Author: Kristen Heitzmann
Publisher: Bethany House Publishers
If he wants her, let him come and prove it.
Fleeing her idyllic home in Sonoma, California, Carina Maria DiGratia journeys to the mining town of Crystal, Colorado. Clinging to hopes of a new life, she finds reality has a harsh welcome for her. Overrun with men seeking their fortune and women bound by circumstance, the town hosts both dreams and nightmares, with little surety for tomorrow. But at least here Carina is far from the betrayal that still pierces her heart.
Early on, two men vie for her trust, but neither is what he seems. Will Carina discern the truth and confront the turmoil hidden in her own heart in time to prevent tragedy?
Carina DiGratia is naïve, hot-tempered, and impulsive. The daughter of a respected Italian doctor who served a king, she’s used to getting her way, and it doesn’t take long to see she’d sheltered, spoiled, and ill-suited to life in a rough and tumble mining town.
Quillan Shepard is a freighter and the classic wounded hero. Nothing has come easy for him; life has battered him, his past is a shadowy mystery, and he has no interest in anything remotely romantic…unless you count his penchant for reading poetry and other books.
Then there’s Berkley Beck, Crystal, Colorado’s slick attorney. He’s suave, well-groomed, and takes gallantry to a whole new level. His inability to organize his office appears, at first, to be his only downside, and Carina fixes that soon enough.
Ms. Heitzmann brings her characters and an 1880 Colorado mining town to life with vivid descriptions and true-to-life dialogue. The cast of characters does a wonderful job of capturing the essence of the superstitious mindset, wild behavior, and loyalty of the mining camps and towns in the 1880s. Adventure, intrigue, suspicion, and the characters’ varying degrees of faith keep readers engaged and draw them into the story.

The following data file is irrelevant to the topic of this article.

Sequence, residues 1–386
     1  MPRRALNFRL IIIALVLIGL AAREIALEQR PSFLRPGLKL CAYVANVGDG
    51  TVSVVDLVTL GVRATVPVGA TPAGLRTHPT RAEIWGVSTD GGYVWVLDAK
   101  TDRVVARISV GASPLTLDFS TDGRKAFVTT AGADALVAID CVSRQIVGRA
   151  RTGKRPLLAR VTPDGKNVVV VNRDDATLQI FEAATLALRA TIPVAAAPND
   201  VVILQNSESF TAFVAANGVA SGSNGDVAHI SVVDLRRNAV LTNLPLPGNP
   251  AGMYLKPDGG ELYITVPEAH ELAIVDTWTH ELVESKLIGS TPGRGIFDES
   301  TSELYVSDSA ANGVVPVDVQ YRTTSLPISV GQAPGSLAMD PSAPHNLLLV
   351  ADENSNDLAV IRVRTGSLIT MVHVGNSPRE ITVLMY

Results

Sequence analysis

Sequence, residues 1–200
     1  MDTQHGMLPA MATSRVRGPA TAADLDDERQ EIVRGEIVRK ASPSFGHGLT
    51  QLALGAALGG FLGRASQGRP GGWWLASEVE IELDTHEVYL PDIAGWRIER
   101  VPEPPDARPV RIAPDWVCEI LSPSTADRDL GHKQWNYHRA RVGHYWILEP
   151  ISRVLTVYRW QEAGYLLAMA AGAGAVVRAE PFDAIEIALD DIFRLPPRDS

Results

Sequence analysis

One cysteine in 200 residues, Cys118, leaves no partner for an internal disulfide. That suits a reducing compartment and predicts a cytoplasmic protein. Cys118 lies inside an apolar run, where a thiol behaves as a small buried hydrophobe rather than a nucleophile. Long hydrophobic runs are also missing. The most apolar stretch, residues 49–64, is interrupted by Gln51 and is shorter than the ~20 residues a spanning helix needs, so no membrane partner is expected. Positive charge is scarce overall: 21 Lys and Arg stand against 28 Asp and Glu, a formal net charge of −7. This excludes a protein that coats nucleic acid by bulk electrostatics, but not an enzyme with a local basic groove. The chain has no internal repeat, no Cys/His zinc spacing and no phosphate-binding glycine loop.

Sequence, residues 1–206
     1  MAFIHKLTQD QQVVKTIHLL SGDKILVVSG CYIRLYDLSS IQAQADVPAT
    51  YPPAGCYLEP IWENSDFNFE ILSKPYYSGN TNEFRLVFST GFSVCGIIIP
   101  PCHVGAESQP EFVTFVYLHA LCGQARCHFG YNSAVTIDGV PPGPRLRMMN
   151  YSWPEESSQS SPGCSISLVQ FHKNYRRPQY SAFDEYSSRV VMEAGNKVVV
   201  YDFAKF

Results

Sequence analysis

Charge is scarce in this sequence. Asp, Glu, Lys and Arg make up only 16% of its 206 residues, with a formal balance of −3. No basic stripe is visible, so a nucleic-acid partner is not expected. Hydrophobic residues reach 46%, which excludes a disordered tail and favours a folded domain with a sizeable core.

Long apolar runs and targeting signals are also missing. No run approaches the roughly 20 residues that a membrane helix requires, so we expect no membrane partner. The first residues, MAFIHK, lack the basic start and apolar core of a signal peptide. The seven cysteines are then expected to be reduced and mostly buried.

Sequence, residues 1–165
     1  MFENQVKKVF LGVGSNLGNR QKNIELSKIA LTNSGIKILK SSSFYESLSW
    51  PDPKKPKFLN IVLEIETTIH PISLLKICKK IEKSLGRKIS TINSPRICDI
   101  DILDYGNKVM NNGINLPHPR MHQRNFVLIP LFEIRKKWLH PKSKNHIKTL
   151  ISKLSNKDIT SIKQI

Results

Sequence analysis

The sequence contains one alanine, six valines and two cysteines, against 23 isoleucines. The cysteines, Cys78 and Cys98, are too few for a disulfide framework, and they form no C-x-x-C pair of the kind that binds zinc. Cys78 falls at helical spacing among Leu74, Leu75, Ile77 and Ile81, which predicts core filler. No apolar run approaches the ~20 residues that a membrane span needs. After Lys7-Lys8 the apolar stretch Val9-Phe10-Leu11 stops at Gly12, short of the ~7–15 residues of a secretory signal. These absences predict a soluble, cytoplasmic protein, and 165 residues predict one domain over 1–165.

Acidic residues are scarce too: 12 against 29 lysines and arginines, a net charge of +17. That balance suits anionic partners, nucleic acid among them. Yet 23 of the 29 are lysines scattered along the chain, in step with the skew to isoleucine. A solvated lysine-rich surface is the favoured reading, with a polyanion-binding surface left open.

While the story is good and the writing magnificent, I must admit that the characters felt a bit overdone at times. Carina acted like a spoiled child for much of the book, and every time she showed signs of sucking up the hardships and carrying on with grace, she ranted either verbally or in her thoughts. However, she did grow throughout the story and eventually became the kind of strong Christian woman I kept hoping to see. Quillan started out dark and brooding, and he stayed that way to the end. Except for his occasional memories of his childhood and his thoughts of admiration and caring for an old miner, the insight into his past and him as a man came through the other characters. And finally, Berkley Beck. His actions fit his personality and the story well. Full of secrets hidden beneath a façade of respectability and smooth etiquette, he kept me guessing as to his true motives for a good portion of the book.
Although I enjoyed the story and found myself rejoicing and hurting along with the characters, I was disappointed by the ending. I love happy endings, but the end of this book if far from happy. There is a glimmer of hope that things will improve in book two of the Diamond of the Rockies series, but I still feel a little disappointed that The Rose Legacy ended the way it did.
If you’re looking for a good historical novel that does an amazing job of bringing an 1880 mining town to life and shows characters realistically struggling with their faith, I suggest reading The Rose Legacy. But be prepared to read the next book in the series. The end of The Rose Legacy leaves readers hanging and wondering how things turn out for Carina.
Disclaimer: I received a free copy of this book through the Bethany House Book Reviewers program. All opinions stated in this review are my own and based solely on the contents of this book and my experience reading it.